“A Rose for Emily” by William Faulkner
In the short story, “A Rose for Emily” by William Faulkner the focus is on Miss Emily. She had a southern up bringing that was vital to the readers understanding of her mental collapse. It was socially unacceptable during her lifetime for a woman not to be married when they are in the South. To this day, it is encouraged and believed to be happy in a Southern society. Happiness can be anything from money to marriage. It is easy to see how one can relate “A Rose for Emily” to a Southern setting because there is community, family, religion, and location and date. Miss Emily was all of these things that represent a Southern society. Miss Emily is the protagonist in this short story. She is forced to conform to the Southern values of her father. Emily was a relic of Southern curiosity and past values. She was considered fallen because she had been proven vulnerable to death and decay. Miss Emily’s father chased away any man that wanted to marry her, showing how controlling her father is. It is easy to see that her father is controlling and over protective of her. This kind of environment for women was actually typical of southern society. Miss Emily would dress in a conspicuous manner, like any of the other women of this time, because their appearance is directly reflected on their husbands or fathers to impress onlookers. Her father regarded her to as a piece of property. The house that Miss Emily lives in is an example for the show of wealth that aged with her. The house was just as lifeless as the person in it, Miss Emily. When Miss Emily died, the house was seen by the public as an eyesore and was seen as empty and lifeless. The Grierson house that William Faulkner used was a symbol of Miss Emily’s change in her social status over time. Emily was the last living Grierson and symbolized her families rich past along with holding true to the fact that all of the other members in the family are considered strong and...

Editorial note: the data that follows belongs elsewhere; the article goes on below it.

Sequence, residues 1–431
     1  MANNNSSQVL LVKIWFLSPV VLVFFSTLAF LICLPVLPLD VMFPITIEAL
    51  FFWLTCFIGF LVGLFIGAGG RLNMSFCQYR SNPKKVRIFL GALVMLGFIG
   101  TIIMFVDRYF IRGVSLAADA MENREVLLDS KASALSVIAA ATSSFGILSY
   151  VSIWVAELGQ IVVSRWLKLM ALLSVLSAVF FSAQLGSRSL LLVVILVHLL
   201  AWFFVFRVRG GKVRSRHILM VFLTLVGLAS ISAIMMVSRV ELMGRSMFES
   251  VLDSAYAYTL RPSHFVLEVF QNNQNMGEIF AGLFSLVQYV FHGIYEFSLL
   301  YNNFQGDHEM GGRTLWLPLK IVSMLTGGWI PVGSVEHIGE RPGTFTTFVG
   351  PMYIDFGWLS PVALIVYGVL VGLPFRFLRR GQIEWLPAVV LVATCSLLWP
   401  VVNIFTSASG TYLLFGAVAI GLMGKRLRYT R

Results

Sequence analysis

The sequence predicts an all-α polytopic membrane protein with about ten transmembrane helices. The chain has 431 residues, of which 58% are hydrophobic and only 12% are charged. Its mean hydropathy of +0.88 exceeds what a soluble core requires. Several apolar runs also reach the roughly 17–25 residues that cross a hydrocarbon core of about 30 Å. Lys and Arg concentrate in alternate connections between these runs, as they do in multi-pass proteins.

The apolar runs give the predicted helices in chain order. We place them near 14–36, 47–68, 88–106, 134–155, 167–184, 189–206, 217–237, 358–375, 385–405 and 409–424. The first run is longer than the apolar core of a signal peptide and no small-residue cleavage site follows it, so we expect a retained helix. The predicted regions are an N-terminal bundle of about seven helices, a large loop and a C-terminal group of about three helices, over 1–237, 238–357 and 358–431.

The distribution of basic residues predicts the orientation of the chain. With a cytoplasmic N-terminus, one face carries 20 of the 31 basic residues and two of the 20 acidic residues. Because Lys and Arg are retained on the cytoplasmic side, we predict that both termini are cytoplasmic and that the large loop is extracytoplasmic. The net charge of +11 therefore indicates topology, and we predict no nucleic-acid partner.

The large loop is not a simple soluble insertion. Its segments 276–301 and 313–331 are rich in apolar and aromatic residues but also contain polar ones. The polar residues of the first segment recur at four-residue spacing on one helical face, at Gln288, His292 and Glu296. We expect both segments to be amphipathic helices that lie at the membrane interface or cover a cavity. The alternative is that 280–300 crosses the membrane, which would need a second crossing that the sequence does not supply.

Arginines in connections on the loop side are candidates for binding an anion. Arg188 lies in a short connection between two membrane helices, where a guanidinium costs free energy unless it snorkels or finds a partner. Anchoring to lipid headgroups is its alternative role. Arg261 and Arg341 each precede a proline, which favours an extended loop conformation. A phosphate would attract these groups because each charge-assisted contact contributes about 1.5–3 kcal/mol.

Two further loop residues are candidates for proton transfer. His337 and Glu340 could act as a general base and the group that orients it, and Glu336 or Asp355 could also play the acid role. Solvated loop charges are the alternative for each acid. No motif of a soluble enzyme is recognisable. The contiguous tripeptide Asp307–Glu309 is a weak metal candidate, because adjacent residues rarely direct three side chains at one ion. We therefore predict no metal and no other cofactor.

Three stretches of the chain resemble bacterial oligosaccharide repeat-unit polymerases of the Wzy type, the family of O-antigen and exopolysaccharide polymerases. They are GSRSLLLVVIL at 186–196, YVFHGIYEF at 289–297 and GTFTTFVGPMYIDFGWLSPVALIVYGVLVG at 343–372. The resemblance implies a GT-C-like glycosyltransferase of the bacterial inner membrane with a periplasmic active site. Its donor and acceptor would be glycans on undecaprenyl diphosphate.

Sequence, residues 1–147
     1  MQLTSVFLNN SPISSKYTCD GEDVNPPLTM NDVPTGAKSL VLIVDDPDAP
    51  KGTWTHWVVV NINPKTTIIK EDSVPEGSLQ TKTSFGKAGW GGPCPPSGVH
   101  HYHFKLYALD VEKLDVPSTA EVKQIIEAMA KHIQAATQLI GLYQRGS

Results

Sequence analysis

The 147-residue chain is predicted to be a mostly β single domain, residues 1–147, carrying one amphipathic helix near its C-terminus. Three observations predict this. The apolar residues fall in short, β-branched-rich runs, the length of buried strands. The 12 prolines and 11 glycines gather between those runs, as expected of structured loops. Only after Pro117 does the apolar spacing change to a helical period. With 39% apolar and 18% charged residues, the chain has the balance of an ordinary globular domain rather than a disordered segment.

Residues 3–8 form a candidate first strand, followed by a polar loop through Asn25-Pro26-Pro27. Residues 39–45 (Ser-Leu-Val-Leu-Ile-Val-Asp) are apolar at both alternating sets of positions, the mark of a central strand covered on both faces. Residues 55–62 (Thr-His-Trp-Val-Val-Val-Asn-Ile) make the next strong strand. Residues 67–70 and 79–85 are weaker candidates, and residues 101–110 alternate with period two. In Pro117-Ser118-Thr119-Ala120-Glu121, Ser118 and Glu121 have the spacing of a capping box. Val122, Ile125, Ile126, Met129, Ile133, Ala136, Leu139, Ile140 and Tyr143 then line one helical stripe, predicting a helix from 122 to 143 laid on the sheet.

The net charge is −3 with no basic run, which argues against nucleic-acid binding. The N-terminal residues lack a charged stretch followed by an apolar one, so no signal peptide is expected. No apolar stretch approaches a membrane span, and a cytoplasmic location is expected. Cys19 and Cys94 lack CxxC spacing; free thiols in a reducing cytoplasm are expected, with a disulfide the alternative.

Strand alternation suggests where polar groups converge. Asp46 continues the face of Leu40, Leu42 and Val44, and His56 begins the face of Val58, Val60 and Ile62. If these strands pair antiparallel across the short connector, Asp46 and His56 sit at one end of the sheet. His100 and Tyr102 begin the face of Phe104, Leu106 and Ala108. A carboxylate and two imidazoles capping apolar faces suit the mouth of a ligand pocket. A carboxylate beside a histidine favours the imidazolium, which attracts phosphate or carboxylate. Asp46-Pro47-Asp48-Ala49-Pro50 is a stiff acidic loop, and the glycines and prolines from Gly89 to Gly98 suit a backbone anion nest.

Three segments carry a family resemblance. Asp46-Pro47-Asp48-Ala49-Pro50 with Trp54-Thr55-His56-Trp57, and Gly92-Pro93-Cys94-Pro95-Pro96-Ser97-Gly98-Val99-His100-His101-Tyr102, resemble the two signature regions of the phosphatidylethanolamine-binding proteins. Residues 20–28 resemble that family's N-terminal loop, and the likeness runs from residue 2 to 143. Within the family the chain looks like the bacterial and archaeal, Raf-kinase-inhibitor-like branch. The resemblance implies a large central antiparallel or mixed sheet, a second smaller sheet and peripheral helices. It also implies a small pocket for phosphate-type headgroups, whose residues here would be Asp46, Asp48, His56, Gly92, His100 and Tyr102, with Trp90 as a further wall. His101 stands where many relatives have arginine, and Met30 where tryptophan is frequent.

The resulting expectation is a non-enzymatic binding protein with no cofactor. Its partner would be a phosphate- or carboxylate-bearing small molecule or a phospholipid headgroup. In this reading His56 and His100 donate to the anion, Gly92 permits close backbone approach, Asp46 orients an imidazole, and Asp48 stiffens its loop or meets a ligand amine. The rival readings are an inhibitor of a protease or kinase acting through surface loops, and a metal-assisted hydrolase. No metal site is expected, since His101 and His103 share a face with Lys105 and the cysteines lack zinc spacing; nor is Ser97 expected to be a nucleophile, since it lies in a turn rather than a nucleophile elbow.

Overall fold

Cited: "A Rose for Emily." www.enotes.com. Enotes, 2011. Web.
McMichael, George. Anthology of American Literature Volume II:
Realism to the Present . 10th. Upper Saddle River, NJ: Prentice Hall, 2011. Print.
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